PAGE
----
What a refreshingly traditional take on the fast family car these two represent. So often nowadays a £50K budget for something practical and quick would result in recommendations of four-seat coupe saloons, odd crossovers and super SUVs. In just the Audi range alone, this sort of money could also buy an
in its tiny range as an alternative to the
So to bring together a couple of fast estates is not only a welcome break from the seemingly endless diversification of ranges, it's a reminder of just how good the formula is. It won't spoil the test to say that both cars here are very good, more than fast enough for most and boasting good practicality too. There are no tricks, no gimmicks, no pretence of being something that these cars aren't; they are two mid-size estates, each with 3.0-litres, six cylinders and around 350hp, tasked with being fast, fun and stylish where required. Which is the best?
Even with Alpina's enviable reputation, the D3 doesn't enter this contest looking all that competitive. It's the more expensive car here despite being the older design - a point we'll come back to - it lacks any particularly fancy way to transmit its power to the road (the Quattro Audi also has a rear Sport Differential) and, well, it is a diesel. Good though the latest diesel engines are, the D3 does seem to be entering this with one hand tied behind its back.
Ride on 20s not far off witchcraft
It takes all of about two hundred metres on the road to realise the Alpina is more than good enough to compete. There's a cohesion across the controls, from the steering to the damping to the throttle response, that feels very sophisticated and as we've come to expect from Alpina. Tweaks like dampers that are softer in compression but stiffer in rebound and recalibrated DSC give the D3 an athleticism and resolve missing from regular BMW products, making it as satisfying to drive on a good bit of road as a 335d could be frustrating.
Moreover, the more languid gait of an Alpina set up against M cars suits the D3 well. In a B3 saloon comparisons are inevitably made to the M3, but here there is no rival. And where that final layer of sharpness could prove frustrating in a petrol saloon, is it that important where diesel estates are concerned? It feels balanced, fluid and composed for the vast majority of the time, though from previous experience the optional limited-slip diff would be a worthwhile option with 516lb ft to contain...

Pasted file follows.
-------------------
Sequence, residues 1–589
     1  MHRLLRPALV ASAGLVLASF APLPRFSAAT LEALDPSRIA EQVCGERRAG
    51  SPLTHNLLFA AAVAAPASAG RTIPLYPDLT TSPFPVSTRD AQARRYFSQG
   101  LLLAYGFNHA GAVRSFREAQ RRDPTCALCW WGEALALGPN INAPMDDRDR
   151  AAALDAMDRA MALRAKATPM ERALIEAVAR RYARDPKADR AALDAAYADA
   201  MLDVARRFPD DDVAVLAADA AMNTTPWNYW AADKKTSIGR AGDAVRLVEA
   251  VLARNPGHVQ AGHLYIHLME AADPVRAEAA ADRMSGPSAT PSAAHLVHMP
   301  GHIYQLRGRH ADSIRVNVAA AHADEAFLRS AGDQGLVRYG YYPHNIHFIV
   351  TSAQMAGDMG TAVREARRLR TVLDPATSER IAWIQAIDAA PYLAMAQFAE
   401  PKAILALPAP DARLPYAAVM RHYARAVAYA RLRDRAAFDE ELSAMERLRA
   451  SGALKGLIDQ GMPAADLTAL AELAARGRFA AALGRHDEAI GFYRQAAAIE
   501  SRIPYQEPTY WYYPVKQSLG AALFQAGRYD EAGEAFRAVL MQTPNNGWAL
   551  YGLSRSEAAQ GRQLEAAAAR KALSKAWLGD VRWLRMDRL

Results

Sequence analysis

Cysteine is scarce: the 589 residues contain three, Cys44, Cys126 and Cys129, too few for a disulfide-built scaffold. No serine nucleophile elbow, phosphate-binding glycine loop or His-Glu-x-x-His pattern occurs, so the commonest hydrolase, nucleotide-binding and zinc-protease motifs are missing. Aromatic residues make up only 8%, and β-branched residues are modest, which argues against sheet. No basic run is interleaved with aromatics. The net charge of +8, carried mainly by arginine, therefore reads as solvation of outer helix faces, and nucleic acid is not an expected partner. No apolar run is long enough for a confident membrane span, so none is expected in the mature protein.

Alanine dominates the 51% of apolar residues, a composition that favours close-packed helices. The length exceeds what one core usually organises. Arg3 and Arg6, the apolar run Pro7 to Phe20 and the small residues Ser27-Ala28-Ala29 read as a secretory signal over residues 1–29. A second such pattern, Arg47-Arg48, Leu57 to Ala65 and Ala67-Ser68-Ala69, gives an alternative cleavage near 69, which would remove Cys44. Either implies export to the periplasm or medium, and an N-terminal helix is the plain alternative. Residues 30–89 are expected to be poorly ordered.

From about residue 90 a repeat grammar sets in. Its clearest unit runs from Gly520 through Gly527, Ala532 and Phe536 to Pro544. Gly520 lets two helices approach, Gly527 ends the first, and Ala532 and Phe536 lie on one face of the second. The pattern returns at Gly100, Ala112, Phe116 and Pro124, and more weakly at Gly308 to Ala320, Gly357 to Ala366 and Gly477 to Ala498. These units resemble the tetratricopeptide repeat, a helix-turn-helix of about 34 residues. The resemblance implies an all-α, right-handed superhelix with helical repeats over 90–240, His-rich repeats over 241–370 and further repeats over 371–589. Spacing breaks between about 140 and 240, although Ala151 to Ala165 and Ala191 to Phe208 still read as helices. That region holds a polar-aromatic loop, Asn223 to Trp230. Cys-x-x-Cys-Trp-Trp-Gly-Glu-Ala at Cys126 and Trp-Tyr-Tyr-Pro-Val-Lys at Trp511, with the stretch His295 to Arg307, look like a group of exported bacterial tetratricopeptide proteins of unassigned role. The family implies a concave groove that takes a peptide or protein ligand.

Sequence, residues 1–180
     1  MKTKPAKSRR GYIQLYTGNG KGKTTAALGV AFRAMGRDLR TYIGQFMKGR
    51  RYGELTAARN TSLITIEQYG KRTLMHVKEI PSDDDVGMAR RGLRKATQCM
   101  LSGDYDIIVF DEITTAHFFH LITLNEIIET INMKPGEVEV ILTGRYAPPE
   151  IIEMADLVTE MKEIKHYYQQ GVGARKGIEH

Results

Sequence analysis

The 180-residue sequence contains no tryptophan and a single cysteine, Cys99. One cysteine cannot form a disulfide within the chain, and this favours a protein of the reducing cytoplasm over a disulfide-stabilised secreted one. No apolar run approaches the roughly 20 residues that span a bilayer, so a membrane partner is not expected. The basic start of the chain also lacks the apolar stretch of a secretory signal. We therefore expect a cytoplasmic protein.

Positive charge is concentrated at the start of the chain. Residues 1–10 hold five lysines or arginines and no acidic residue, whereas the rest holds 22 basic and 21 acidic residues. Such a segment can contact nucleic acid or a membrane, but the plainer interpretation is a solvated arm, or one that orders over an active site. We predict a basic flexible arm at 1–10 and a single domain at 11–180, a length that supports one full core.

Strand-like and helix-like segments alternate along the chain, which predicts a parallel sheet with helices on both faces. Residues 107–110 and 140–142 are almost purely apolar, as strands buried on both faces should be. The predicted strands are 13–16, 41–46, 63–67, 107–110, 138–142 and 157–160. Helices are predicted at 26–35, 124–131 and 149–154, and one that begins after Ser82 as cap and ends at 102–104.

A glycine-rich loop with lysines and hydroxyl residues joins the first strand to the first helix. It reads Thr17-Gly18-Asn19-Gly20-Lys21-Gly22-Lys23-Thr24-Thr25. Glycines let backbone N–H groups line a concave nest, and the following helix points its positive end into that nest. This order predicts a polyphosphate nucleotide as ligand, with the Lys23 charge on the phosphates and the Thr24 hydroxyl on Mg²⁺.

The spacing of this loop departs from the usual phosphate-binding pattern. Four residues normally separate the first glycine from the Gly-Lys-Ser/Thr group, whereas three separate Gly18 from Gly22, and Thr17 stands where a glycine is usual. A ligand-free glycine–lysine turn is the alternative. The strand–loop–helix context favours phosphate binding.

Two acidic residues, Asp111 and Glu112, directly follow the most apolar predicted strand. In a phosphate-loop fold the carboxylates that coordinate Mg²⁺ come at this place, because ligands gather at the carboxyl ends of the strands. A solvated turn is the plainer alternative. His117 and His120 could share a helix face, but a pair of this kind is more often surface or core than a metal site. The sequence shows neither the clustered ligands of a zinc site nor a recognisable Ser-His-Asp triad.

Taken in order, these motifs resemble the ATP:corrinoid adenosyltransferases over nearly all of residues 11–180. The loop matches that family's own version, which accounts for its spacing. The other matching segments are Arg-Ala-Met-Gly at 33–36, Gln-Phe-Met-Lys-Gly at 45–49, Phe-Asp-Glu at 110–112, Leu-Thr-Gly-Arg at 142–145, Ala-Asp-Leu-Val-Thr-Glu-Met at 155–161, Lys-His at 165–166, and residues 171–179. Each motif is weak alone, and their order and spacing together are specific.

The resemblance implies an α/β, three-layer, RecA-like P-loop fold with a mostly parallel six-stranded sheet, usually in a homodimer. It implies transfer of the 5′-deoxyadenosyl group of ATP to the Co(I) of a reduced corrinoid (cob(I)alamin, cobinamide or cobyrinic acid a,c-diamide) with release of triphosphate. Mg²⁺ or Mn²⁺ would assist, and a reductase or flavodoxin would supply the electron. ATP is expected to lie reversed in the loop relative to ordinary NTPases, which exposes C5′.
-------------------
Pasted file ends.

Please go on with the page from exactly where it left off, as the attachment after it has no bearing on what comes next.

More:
A fun diesel auto estate? You better believe it!
The twin-turbo diesel remains very good here, eager in a way that many wouldn't have credited a diesel with a few years ago. The eight-speed auto is the perfect partner, seemingly always shifting at the opportune moment. It will rev out surprisingly well for a diesel, but the D3 is more comfortable (and very fast) trading on its mid range. Even sounds pretty good out of that Akrapovic exhaust.
That the D3 does all this with the usual 3 Series refinements and a few lovely Alpina touches makes it all the more desirable. The interior may not be as fancy as the Audi's but, as a car to drive and an object to admire, it remains an excellent prospect.
Audi S4 Avant
You've dismissed the Audi already, haven't you? Too bland, too heavy, too inert to compete with the finely honed Alpina. Well don't be so sure...
Looks sharp; drives nicely too
There's plenty about this S4 that bodes really rather well for the upcoming RS4. No, really. As discussed in
the road test
, this is a fast Audi with some real quality to its dynamics, with a well sorted ride and a Sport Differential that can be felt proactively distributing power at the back. It's probably the faster car here across the ground, powering out of corners authoritatively where the Alpina can be found falling back a tad clumsily.
Its weight advantage will help too; it isn't huge at 55kg but it means that the Audi is less than 1,800kg with a driver and the Alpina, well, isn't. This feels a better balanced 'S' product than before too, with less nose heaviness to its handling and a pleasing level of agility.
Perhaps it's unfair to make the point here given the Alpina is a diesel - don't forget the B3 is available too - but the Audi's petrol V6 feels especially good here. It picks up swiftly from very few revs, feels strong through its mid range and is more than happy to snarl its way to 7,000rpm. Even against petrol opposition you sense this 3.0-litre would fare well.